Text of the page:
We hypothesized that depressed individuals are generally viewed as dissimilar and that this perceived dissimilarity contributes to negative reactions to the depressed. In addition, we hypothesized that if perceived similarity affects liking of depressed individuals, then nondepressed subjects should prefer nondepressed targets, but depressed subjects should not share this preference. To test these hypotheses, depressed and nondepressed subjects received information about two targets, both either depressed or nondepressed, one attitudinally dissimilar and one attitudinally similar. They were then asked to fill out an attraction measure and an interest in meeting measure for each target. The results clearly supported the primary hypotheses, demonstrating that nondepressed subjects preferred nondepressed targets and perceived them as more similar than depressed targets, and that this preference for nondepressed targets is not shared by depressed subjects. Tests of supplementary hypotheses also confirmed that depressed subjects perceive their best friends as being more depressed and more dissimilar than do nondepressed subjects. The implications of these findings for the social world of the depressed were discussed.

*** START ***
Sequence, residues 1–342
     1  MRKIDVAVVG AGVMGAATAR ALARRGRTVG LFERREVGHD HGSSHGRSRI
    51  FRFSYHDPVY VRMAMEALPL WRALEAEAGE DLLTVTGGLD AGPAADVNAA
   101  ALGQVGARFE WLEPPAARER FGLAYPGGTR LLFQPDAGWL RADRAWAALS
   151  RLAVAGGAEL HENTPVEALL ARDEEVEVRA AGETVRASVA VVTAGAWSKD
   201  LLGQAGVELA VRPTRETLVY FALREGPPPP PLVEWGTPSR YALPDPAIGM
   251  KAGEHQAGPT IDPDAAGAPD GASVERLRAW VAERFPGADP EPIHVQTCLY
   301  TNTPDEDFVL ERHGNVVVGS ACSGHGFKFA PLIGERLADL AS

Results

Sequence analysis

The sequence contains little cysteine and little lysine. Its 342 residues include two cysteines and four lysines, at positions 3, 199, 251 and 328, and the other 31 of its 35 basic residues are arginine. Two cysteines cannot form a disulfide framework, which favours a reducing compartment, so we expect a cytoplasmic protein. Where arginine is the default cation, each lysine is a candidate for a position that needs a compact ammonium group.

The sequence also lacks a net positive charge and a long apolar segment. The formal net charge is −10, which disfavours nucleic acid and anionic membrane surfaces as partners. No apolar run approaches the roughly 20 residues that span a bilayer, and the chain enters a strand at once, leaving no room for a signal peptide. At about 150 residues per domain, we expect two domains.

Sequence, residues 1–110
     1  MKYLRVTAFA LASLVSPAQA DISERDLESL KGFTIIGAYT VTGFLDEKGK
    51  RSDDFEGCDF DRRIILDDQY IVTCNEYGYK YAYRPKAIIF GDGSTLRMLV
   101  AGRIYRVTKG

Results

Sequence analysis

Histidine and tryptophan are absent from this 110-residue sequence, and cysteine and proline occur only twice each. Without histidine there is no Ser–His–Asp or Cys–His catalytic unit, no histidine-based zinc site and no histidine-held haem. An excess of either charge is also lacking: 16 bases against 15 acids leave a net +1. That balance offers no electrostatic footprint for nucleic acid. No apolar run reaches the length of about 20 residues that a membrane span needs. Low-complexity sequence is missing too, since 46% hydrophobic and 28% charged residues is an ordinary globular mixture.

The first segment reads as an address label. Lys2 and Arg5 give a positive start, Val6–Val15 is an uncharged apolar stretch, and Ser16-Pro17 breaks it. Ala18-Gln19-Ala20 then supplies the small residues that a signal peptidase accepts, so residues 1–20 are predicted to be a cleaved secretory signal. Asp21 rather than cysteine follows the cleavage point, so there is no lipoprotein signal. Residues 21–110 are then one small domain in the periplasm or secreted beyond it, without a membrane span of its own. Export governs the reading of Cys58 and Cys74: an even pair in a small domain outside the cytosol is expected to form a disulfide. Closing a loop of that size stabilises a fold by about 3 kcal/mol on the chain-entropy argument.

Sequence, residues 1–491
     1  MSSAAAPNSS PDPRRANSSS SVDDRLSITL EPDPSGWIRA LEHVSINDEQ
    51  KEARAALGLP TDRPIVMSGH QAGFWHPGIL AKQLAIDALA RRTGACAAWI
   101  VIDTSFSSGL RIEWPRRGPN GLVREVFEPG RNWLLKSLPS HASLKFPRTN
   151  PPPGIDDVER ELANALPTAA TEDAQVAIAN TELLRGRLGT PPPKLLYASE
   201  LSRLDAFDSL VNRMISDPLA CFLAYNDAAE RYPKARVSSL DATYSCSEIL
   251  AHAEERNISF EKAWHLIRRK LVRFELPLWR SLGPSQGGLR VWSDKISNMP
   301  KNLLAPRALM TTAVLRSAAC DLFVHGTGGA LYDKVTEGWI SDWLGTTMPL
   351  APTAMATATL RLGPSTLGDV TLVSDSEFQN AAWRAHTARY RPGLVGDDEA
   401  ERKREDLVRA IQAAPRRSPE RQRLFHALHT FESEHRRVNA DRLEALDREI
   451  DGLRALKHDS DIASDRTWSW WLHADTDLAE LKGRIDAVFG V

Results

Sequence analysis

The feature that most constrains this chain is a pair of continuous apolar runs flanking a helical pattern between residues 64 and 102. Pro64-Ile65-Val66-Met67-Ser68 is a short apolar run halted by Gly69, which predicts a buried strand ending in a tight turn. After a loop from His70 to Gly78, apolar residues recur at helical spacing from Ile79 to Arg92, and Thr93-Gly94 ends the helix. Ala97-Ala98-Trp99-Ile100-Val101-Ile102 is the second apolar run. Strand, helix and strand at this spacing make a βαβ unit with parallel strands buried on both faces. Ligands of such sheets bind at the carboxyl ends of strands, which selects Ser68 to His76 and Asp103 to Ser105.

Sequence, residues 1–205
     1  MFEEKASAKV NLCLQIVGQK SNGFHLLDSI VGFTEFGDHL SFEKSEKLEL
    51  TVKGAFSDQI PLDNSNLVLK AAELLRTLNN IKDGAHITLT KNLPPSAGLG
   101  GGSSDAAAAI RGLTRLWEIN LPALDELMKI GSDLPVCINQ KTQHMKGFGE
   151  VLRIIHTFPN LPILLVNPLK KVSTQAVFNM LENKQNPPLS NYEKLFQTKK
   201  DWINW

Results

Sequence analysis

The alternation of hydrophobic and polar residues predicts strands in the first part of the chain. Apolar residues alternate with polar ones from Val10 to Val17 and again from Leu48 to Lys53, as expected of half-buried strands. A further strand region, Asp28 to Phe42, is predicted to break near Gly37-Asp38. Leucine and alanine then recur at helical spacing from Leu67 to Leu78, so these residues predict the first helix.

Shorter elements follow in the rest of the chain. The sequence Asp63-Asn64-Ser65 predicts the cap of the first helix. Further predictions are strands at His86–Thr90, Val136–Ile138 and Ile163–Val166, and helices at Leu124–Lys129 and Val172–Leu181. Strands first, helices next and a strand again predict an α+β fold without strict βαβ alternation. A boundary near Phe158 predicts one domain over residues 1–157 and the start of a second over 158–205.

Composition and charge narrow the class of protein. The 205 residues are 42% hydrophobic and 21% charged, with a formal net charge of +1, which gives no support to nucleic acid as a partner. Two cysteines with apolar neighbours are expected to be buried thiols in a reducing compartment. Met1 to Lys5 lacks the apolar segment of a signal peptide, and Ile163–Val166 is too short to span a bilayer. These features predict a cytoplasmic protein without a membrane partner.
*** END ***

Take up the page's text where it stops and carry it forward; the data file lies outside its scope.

ASJC Scopus subject areas
- Social Psychology
- Sociology and Political Science